Robots, interactive shelves and more in new smart stores

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This photo provided by SoftBank Robotics America demonstrates a shopping experience with SoftBank Robotics' humanoid robot called Pepper, waving at right. The robot can greet shoppers and has the potential to send messages geared to people’s age and gender through facial recognition. (SoftBank Robotics America via AP)

The new time is coming, soon to fills shops helping robots and more. And what is the goal? Get online shoppers back to stores.

Today we bring you an article from Anne D’Innocenzio from The Associated Press. 

Amazon’s new experimental grocery store in Seattle, opening early this year, will let shoppers buy goods without needing to stop at a checkout line. Sensors track items as shoppers put them into baskets or return them to the shelf. The shopper’s Amazon account gets automatically charged.

Kroger, Neiman Marcus and Lowe’s are among the companies already experimenting with futuristic retail stores. Robots, for instance, could help guide shoppers to the right aisle, while augmented reality apps could help you see how a particular shade of paint will look in the living room — or how you might look in a pair of jeans. Many of these technologies will be unveiled or demonstrated at the CES gadget show in Las Vegas, which began Tuesday with media previews.

Plenty of retailers have learned through trial — and error — that technology can’t get too far ahead of shoppers. It has to be easy to use and beneficial to shoppers in some way, whether it’s to save time or money. If retailers get it right, they might succeed in boosting spending at retail stores at a time when consumers increasingly prefer to shop online.

Here are five technologies coming to a store near you.

ROBOTS

Home improvement retailer Lowe’s is testing robots in one of its San Jose, Calif., store, and plans to roll them out to 10 more stores in the state this year. Besides scanning shelves for inventory, the robots can guide customers to specific products in both English and Spanish.

Shoppers will also start seeing robots that interact with them more deeply. Japanese joint venture SoftBank Robotics is testing a 4-foot humanoid robot called Pepper at two Westfield Malls in California. They greet shoppers and can do a little dance, but have the potential to send messages geared to people’s age and gender through facial recognition. SoftBank Robotics says it’s working with clothing retailers to help suggest outfits to shoppers.

INTERACTIVE MIRRORS

High-end clothing stores are testing interactive mirrors in dressing areas, a key place where shoppers decide whether to buy or not.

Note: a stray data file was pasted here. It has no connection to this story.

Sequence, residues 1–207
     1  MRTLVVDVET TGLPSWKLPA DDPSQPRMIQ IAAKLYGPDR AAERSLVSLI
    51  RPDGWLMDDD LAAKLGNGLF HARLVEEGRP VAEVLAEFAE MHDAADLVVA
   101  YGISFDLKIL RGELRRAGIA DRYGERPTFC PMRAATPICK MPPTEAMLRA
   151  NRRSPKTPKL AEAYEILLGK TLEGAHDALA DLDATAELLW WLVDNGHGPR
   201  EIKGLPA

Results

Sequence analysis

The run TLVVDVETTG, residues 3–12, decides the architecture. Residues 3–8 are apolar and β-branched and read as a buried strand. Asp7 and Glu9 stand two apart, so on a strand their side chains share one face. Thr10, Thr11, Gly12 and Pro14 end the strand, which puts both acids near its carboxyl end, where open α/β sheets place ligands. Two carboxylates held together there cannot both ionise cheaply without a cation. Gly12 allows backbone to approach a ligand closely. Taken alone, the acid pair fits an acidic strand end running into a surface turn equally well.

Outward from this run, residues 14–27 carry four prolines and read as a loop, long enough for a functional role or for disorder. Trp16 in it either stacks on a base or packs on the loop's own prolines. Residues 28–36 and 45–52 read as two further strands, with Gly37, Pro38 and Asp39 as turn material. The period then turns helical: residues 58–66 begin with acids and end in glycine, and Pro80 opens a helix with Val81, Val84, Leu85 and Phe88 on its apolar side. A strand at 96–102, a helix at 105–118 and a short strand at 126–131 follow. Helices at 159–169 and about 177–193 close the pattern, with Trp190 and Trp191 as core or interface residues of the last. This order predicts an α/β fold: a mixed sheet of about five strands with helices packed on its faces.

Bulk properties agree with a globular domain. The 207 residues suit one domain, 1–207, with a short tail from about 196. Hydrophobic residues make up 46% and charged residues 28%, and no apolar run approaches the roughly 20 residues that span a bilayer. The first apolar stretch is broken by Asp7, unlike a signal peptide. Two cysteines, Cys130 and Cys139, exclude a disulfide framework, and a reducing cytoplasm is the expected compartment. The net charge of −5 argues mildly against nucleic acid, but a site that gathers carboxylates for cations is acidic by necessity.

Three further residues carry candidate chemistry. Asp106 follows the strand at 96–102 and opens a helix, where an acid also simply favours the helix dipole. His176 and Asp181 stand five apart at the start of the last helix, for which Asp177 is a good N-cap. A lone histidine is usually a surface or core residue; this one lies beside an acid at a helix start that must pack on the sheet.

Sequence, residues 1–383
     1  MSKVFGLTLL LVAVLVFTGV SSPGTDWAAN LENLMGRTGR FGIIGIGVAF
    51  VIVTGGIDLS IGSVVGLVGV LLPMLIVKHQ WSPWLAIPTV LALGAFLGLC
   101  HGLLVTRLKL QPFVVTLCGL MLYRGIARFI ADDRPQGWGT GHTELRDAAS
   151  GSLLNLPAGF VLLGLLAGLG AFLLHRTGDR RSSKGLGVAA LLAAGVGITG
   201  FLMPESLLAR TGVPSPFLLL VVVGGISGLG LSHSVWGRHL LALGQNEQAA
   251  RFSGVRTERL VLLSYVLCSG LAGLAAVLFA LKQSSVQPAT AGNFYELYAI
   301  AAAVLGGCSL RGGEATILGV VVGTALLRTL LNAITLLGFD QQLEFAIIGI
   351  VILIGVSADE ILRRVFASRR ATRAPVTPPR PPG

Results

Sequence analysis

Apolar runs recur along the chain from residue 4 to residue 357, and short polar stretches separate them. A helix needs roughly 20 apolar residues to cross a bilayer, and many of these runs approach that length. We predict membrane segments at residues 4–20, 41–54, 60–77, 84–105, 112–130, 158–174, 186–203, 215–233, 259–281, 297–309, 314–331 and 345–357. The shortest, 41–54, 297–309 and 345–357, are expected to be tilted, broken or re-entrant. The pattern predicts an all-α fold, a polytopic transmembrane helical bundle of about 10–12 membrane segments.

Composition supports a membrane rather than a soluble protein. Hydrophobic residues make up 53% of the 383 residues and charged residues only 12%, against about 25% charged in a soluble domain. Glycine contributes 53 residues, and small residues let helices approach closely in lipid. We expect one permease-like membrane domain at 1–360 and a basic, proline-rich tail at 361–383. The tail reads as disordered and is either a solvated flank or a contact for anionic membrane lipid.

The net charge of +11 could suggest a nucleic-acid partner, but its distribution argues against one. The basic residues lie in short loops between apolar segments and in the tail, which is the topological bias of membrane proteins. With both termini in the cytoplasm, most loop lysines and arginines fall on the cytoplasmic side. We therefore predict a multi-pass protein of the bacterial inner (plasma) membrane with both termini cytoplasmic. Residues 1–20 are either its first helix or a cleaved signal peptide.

Neiman Marcus has installed these outside fitting rooms at 20 stores to offer shoppers a 360-degree view of what an outfit looks like. Shoppers can make side-by-side comparisons without having to try them all on. They can also share video with friends for feedback. Variations include capturing a customer’s session at the beauty counter and emailing a video to help the person recreate the look at home.

Rent the Runway, an online retailer that lets people rent high-end clothing, teamed up with Samsung to have digital displays highlight its online inventory for shoppers at a new location in New York. A mirror in the store is planned to recommend items that go with what the customer is wearing.

SMART SHELVES

Web retailers have plenty of data on their customers. Some of these online technologies can even track shoppers from site to site to lure them back with what’s known as retargeting ads — promos targeted to what that shopper has looked at before, but didn’t actually buy. Smart shelves with sensors promise the same kind of in-depth consumer behavior analytics at retail stores.

At a Kroger store in Cold Spring, Ohio, shelves currently show digitized price tags and information about the products. The next step is to tie that to individual shoppers. For example, for a shopper who prefers gluten-free products, the price tags could light up in the aisle where all the gluten-free options are. The company says this will all be done with the customer’s permission.

Perch Interactive, a startup that is working with chains like Sunglass Hut and fragrance maker Jo Malone, uses laser and motion sensors to detect when a product is picked up. Perch monitors the interactions and lets retailers know what people pick up but don’t buy. It also offers recommendations: When a shopper picks up a Jo Malone product, an interactive display pops up to show a complementary fragrance.

 

More at http://www.denverpost.com/2017/01/03/smart-stores-robots-interactive-shelves/.